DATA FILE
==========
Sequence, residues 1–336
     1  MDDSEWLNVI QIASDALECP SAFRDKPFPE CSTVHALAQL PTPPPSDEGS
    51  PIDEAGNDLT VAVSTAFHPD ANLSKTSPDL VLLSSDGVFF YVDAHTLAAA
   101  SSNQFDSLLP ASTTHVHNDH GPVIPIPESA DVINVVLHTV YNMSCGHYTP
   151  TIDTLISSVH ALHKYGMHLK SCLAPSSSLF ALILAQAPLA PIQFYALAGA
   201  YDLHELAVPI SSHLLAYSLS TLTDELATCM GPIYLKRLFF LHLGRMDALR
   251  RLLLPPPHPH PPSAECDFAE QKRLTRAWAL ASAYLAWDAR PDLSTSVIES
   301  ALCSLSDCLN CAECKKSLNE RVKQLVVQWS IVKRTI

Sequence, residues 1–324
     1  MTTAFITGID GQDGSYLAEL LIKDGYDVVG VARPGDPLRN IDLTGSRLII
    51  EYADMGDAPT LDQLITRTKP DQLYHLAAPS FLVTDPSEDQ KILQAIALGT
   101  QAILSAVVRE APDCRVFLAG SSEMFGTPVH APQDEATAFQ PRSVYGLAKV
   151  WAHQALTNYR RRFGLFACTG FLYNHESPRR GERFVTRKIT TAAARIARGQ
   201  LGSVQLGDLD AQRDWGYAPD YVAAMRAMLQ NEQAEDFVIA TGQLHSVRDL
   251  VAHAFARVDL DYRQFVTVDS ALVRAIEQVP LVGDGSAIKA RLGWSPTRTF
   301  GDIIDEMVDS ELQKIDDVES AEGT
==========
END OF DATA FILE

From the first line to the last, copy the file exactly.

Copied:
Sequence, residues 1–336
     1  MDDSEWLNVI QIASDALECP SAFRDKPFPE CSTVHALAQL PTPPPSDEGS
    51  PIDEAGNDLT VAVSTAFHPD ANLSKTSPDL VLLSSDGVFF YVDAHTLAAA
   101  SSNQFDSLLP ASTTHVHNDH GPVIPIPESA DVINVVLHTV YNMSCGHYTP
   151  TIDTLISSVH ALHKYGMHLK SCLAPSSSLF ALILAQAPLA PIQFYALAGA
   201  YDLHELAVPI SSHLLAYSLS TLTDELATCM GPIYLKRLFF LHLGRMDALR
   251  RLLLPPPHPH PPSAECDFAE QKRLTRAWAL ASAYLAWDAR PDLSTSVIES
   301  ALCSLSDCLN CAECKKSLNE RVKQLVVQWS IVKRTI

Sequence, residues 1–324
     1  MTTAFITGID GQDGSYLAEL LIKDGYDVVG VARPGDPLRN IDLTGSRLII
    51  EYADMGDAPT LDQLITRTKP DQLYHLAAPS FLVTDPSEDQ KILQAIALGT
   101  QAILSAVVRE APDCRVFLAG SSEMFGTPVH APQDEATAFQ PRSVYGLAKV
   151  WAHQALTNYR RRFGLFACTG FLYNHESPRR GERFVTRKIT TAAARIARGQ
   201  LGSVQLGDLD AQRDWGYAPD YVAAMRAMLQ NEQAEDFVIA TGQLHSVRDL
   251  VAHAFARVDL DYRQFVTVDS ALVRAIEQVP LVGDGSAIKA RLGWSPTRTF
   301  GDIIDEMVDS ELQKIDDVES AEGT